Luke 22:24–30 (NKJV)
24 Now there was also a dispute among them, as to which of them should be considered the greatest. 25 And He said to them, “The kings of the Gentiles exercise lordship over them, and those who exercise authority over them are called ‘benefactors.’ 26 But not so among you; on the contrary, he who is greatest among you, let him be as the younger, and he who governs as he who serves. 27 For who is greater, he who sits at the table, or he who serves? Is it not he who sits at the table? Yet I am among you as the One who serves.Luke 22:24-30
28 “But you are those who have continued with Me in My trials. 29 And I bestow upon you a kingdom, just as My Father bestowed one upon Me, 30 that you may eat and drink at My table in My kingdom, and sit on thrones judging the twelve tribes of Israel.”
Some of the disciples, perhaps the sons of Zebedee (whose mother had asked for special seating for them in the kingdom of God), were arguing about who was greatest in the kingdom. Jesus reminded them of the Gentile practices of oppression that were offensive to anyone’s sensibilities. Jesus told His disciples that the one who had a high position should serve those in lower positions. Being a servant was a true sign of greatness, not being served at all times.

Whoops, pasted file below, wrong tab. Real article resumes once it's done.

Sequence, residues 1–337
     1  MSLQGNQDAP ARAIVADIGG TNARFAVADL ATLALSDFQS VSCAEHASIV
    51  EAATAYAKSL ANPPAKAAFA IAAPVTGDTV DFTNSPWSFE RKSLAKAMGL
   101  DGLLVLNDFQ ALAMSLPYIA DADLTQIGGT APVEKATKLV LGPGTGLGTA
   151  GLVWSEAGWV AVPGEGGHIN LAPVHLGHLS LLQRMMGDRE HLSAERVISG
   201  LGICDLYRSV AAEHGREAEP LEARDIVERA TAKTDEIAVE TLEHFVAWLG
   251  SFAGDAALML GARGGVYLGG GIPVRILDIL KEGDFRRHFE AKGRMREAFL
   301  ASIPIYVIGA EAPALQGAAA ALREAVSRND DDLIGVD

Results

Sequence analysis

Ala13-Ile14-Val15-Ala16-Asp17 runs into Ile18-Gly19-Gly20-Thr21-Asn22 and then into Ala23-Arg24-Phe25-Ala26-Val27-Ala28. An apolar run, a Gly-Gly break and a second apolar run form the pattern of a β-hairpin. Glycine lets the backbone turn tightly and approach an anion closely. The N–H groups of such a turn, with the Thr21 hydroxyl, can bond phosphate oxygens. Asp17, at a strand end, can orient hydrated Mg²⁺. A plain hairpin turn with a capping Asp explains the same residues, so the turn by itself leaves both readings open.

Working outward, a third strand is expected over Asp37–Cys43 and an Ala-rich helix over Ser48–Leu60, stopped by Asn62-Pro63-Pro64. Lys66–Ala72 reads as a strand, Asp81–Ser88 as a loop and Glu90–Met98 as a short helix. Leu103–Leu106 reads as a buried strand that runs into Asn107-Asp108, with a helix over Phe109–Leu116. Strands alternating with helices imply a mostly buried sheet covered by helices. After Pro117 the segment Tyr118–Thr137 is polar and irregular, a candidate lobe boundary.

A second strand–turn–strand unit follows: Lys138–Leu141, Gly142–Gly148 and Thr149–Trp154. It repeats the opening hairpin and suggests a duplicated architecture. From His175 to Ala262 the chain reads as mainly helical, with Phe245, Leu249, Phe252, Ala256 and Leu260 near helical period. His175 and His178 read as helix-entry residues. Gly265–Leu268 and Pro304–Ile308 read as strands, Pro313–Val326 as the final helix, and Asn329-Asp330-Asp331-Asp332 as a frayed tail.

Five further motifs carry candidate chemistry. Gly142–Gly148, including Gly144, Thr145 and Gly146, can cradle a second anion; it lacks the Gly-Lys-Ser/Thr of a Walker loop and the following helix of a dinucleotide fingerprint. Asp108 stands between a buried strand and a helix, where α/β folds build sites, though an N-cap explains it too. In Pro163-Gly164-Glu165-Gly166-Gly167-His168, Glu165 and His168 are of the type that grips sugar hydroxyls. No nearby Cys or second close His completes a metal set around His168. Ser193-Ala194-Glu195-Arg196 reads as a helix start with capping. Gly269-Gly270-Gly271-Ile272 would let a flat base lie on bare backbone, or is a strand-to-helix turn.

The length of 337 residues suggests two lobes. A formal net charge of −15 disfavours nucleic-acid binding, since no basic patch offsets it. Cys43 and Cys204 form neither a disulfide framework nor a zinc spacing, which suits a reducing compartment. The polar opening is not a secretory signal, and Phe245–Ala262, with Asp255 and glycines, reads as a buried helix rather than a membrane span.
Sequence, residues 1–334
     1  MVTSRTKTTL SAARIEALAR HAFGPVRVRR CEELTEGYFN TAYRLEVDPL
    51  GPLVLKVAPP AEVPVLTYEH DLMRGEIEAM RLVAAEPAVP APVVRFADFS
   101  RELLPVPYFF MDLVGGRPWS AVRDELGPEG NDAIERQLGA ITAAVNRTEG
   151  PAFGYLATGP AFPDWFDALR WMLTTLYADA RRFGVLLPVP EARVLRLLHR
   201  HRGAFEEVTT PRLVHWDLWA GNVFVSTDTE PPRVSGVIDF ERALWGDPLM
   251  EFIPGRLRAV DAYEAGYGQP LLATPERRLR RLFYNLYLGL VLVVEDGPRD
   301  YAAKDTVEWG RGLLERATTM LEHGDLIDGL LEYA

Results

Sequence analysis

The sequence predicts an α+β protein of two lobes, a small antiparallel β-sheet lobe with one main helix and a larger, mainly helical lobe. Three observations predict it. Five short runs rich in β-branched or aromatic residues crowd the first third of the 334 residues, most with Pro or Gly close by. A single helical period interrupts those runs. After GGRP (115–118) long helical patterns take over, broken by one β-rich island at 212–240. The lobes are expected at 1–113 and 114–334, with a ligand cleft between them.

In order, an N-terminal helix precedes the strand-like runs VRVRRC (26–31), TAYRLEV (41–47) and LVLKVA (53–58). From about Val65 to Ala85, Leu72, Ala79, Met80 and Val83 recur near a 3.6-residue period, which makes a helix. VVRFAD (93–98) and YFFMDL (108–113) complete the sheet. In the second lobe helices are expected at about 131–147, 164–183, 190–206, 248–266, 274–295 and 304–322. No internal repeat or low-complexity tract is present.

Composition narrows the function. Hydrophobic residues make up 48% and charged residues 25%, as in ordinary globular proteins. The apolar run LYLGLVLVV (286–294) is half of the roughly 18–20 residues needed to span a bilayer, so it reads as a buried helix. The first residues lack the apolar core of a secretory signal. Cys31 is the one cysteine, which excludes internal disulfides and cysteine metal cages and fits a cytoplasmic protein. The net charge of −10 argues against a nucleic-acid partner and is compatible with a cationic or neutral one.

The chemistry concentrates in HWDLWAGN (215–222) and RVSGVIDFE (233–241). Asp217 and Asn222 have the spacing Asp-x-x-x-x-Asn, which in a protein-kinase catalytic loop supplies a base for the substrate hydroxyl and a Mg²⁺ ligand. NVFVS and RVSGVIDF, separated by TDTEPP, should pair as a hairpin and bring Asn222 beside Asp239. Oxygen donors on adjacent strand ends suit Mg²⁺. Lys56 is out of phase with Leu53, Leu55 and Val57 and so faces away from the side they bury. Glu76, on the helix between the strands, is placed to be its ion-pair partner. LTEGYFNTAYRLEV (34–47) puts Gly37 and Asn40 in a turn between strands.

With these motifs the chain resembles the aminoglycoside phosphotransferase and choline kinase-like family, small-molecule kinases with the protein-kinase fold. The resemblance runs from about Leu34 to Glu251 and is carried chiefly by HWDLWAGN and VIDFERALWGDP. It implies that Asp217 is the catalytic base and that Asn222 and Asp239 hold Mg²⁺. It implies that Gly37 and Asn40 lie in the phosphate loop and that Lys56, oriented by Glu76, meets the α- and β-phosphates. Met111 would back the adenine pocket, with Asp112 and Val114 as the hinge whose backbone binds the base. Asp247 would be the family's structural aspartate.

He then spoke of the reward that would come to those who served alongside Jesus. His kingdom would include them, and they would have kingdoms of their own, bestowed by Christ. Jesus went further to tell them they would sit at His table and that they would sit on thrones judging Israel. What a vaunted position they would receive! However, it was largely in part to their loyal service to and with Christ. When you begin to feel that you are something special in the church or organization to which you belong, remember this teaching, and remember the love of Christ extended to you, and serve. Remember how Christ gave His life, and give. Remember that the goal is not notoriety or fame or wealth on earth, but rather to please God with you life. Serve Him, and know that the reward–although sometimes delayed–will come at the time it is appointed.